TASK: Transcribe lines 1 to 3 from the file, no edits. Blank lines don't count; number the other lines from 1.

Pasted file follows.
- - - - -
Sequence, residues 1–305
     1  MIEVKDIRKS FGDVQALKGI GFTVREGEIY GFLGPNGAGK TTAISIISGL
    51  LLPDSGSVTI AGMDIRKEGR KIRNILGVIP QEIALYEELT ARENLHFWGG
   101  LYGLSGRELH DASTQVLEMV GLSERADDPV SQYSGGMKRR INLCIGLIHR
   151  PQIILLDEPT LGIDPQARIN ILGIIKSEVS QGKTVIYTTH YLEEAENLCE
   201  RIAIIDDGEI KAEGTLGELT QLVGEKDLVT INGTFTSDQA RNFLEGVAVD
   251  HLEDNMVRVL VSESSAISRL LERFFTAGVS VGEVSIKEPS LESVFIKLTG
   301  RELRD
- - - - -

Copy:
Sequence, residues 1–305
     1  MIEVKDIRKS FGDVQALKGI GFTVREGEIY GFLGPNGAGK TTAISIISGL
    51  LLPDSGSVTI AGMDIRKEGR KIRNILGVIP QEIALYEELT ARENLHFWGG